Jonathan Haidt's Righteous Mind is a delightfully written and thought-provoking book. He covers quite a lot about morality before he moves to the punch line that you may have seen in his TED talk or in various interviews he gives. (Essentially, he explains how the morality of conservatives and liberals differs and why.)
He argues that morality evolved as a means to win approval, not to find the truth. You make think it is "true" that it's bad to deny rights to (fill in the blank with everything from Tutsis to Jews to women to Jewish women Tutsis) but discovering or arguing for something that feels "true" to you, curiously enough, is not the role of morality. Morality does show up as an obviously right or obviously wrong thing to us, but, those judgments that feel so real to us turn out not to be universal truths. So while it may be that what is "true" evolves (Philistines should be killed, debt is sinful, women should not vote, gays should be imprisoned, animals are food, work need not be fulfilling ...) over time, your tribal identity depends on a clear statement of morality that "feels" true at a particular time.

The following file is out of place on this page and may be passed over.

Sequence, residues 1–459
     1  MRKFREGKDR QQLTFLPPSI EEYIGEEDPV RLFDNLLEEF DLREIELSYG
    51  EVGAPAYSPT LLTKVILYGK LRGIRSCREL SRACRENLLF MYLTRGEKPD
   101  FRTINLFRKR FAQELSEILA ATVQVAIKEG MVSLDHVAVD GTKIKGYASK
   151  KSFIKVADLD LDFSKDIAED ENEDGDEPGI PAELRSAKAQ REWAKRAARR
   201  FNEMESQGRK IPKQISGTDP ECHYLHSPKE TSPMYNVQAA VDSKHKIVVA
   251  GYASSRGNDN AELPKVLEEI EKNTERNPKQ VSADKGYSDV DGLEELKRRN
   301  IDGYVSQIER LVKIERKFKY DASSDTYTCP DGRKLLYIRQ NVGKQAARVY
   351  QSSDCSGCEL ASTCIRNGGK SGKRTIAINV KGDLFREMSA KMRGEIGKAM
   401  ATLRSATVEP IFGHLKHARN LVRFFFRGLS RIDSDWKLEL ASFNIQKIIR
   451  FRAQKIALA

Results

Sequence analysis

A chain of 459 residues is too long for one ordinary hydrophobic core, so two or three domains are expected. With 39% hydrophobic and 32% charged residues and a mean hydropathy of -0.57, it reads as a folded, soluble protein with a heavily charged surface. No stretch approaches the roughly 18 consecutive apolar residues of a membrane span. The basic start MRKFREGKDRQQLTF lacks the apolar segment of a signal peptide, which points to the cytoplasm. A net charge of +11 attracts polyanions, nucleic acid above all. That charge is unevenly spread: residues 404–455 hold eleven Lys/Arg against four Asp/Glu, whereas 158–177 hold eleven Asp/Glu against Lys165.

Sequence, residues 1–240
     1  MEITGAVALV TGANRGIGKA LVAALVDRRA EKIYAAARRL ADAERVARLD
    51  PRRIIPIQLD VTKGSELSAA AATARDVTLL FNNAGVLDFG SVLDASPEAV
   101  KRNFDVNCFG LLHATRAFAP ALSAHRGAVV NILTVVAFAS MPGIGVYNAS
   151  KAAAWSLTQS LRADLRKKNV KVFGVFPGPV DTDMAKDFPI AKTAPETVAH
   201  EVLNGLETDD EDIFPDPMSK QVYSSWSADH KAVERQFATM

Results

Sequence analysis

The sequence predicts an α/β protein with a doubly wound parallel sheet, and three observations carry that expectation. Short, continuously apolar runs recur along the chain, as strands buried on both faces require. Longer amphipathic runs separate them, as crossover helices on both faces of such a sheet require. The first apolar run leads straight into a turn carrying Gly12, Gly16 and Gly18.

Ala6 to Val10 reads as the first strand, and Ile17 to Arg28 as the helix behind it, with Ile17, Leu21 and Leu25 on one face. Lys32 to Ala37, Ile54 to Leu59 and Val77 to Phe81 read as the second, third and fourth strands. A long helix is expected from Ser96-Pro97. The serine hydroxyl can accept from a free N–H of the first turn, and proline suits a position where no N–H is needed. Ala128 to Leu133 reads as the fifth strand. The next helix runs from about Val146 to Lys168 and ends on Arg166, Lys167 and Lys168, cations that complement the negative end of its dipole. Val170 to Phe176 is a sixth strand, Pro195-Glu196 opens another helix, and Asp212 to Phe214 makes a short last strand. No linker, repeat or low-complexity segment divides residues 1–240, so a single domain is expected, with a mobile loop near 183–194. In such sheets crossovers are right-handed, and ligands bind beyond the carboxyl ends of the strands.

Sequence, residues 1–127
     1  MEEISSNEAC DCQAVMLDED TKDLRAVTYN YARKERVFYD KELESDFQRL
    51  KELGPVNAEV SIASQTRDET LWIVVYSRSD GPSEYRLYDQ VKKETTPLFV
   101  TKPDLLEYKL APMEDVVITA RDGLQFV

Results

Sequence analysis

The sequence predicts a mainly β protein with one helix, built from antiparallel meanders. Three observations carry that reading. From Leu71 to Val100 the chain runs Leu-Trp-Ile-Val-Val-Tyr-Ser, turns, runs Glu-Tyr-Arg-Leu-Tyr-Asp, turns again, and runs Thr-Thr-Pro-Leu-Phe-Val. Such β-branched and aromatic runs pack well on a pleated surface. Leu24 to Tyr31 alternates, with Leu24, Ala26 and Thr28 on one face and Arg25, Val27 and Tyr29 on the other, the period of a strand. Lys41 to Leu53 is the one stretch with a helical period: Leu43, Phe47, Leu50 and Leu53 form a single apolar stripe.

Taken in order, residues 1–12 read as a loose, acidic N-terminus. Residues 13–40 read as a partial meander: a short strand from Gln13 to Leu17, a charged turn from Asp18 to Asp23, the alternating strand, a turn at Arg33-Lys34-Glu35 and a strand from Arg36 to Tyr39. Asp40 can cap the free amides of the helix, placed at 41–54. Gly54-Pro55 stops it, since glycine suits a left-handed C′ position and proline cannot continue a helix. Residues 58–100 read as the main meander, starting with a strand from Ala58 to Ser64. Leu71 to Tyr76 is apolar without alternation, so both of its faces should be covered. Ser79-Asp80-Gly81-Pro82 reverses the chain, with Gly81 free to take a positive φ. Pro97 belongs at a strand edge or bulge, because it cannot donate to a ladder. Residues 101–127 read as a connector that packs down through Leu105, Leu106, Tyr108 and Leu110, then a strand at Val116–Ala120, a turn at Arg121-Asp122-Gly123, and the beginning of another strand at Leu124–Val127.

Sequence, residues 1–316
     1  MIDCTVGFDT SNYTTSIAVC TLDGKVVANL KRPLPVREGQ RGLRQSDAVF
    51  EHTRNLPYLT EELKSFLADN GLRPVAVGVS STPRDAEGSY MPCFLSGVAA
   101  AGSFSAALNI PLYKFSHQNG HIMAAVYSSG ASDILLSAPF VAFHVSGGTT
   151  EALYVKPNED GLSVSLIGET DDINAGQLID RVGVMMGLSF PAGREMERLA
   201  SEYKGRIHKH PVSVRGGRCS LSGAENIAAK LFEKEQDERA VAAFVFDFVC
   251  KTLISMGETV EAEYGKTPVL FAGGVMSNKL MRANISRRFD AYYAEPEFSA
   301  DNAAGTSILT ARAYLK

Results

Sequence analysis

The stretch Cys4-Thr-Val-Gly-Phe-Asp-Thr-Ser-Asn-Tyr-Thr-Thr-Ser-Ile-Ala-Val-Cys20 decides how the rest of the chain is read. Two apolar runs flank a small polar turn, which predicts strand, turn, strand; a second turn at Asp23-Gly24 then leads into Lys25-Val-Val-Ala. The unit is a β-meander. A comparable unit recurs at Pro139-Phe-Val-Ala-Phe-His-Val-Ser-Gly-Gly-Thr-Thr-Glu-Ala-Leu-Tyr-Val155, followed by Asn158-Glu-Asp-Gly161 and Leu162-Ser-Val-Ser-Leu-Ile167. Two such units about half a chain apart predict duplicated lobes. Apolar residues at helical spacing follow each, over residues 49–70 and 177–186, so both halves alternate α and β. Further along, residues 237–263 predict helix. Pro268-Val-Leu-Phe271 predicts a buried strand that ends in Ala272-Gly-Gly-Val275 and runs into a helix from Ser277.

Science and skepticism are for the discovery of truth. And that is uncomfortable, requiring questioning and living in doubt and hard work. Very few people are scientists. Morality is for winning group approval so that you prove you can be trusted. It's much easier than science and nearly everyone is moral (although not necessarily in a way that your group might recognize).
Perhaps that's obvious to everyone else. To me, it felt like a remarkable kind of revelation.